The outsourced ‘ManCo’ market is getting more competitive to meet a growing demand for third-party services, reports Nicholas Pratt.
Providers of third-party management companies, or ‘ManCos’, have been busy bolstering their businesses in recent months in anticipation of greater take-up from fund managers.
Managers might use this model – in other words, outsource many day-to-day management functions of their funds – if they feel overburdened by regulatory requirements but nevertheless need a ManCo to access the European market.
But other reasons exist, such as for UK-based managers to protect themselves from the jurisdictional and political uncertainty caused by Brexit.
In Ireland, Ucits funds have mainly been ‘self-managed’, meaning they do not require a ManCo. But with increased regulatory requirements, particularly a requirement known as CP86 which calls for more oversight on funds by directors and designated individuals, there has been a greater take-up of ManCo services, providers say.
Rented ManCos have also proved popular for managers outside the EU that do not see a benefit in setting up a European office.
“The key benefit of a ManCo is that it provides expertise in the local market and enables managers to meet jurisdictional regulations at this time of increasing compliance and uncertainty, without the need for a fully staffed office,” says Elliot Refson, director of fund and ManCo services at Crestbridge. “That creates operational efficiency, speed to market and allows for expertise in the local market.”
Avoiding a costly exercise
A big driver for ManCo services in recent years has been the Alternative Investment Fund Managers Directive (AIFMD). As part of its aim to bring more governance to the alternatives market, AIFMD stipulates that any manager wanting to sell an alternatives fund into Europe sets up a regulated manager in each jurisdiction.
“That is a costly exercise, so many providers see it as an opportunity to offer an AIFM [alternative investment fund manager] ManCo to managers that don’t have the resources to set up multiple AIFMs,” says Fèmy Mouftaou, director and head of business development, Luxembourg, at JTC.
Of course, outsourcing is nothing new for fund managers, but whereas a large handful of players dominate the asset servicing outsourcing market, the ManCo market is populated much more by specialists, says Mouftaou.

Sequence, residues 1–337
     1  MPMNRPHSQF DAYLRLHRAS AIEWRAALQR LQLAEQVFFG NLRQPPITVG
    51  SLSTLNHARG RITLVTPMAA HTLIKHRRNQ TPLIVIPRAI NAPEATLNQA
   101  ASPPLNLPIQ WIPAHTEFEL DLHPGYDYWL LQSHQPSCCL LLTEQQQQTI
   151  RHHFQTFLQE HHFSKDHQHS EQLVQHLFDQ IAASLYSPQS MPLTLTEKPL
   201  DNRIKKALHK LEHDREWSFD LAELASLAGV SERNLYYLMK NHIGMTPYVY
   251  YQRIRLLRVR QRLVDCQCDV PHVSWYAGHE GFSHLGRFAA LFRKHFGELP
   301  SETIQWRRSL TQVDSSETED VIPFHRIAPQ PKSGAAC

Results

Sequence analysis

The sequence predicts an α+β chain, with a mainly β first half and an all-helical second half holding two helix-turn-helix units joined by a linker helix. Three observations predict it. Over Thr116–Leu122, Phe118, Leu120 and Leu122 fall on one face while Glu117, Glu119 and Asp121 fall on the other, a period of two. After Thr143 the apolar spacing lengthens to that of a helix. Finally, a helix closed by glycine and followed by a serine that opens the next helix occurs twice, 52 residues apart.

“In Luxembourg, Ireland and Malta [there are] new players coming into the market to propose new services. There are large custody banks doing this, but we are seeing new players rather than administrators. The skills needed for ManCos are quite different to asset servicing.”
This has led to a change in the make-up of ManCo providers, says Mouftaou.
“When the AIFMD was put in place, the Ucits ManCos were the first to apply. It was simply a licence extension and they became ‘Super ManCos’. Now we see different providers and they are not coming from the Ucits world. They are more specialised. The expertise needed for an AIFM ManCo is quite different to a Ucits ManCo and specialists can provide a better service.”
Not everyone agrees, though, and many emphasise the benefit offered by the so-called Super ManCos.
“The complexities of maintaining two ManCo relationships are significant, so managers prefer a single ManCo which can support their Ucits and AIFs, as well as the different domiciles they wish to offer,” says Connor MacGuinness, head of relationship management in Europe for DMS Governance.
A common misconception is that the Super Mancos have a general knowledge of everything but no in-depth knowledge, says Revel Wood, chief executive of FundRock. “This was maybe the case in the past, but most Super Mancos have invested in tech processes and people to ensure that all asset classes offered have a [subject matter expert] that is experienced in the specific strategy.
Up the value chain
A less contentious point is the ever-expanding scope of the ManCo model. As Wood says: “The industry has definitely moved beyond the days of a ManCo looking like a director role. In order to get ahead of the market, the services offered by management companies are increasing to those that would be traditionally seen as above and beyond what is required by law by the management company.”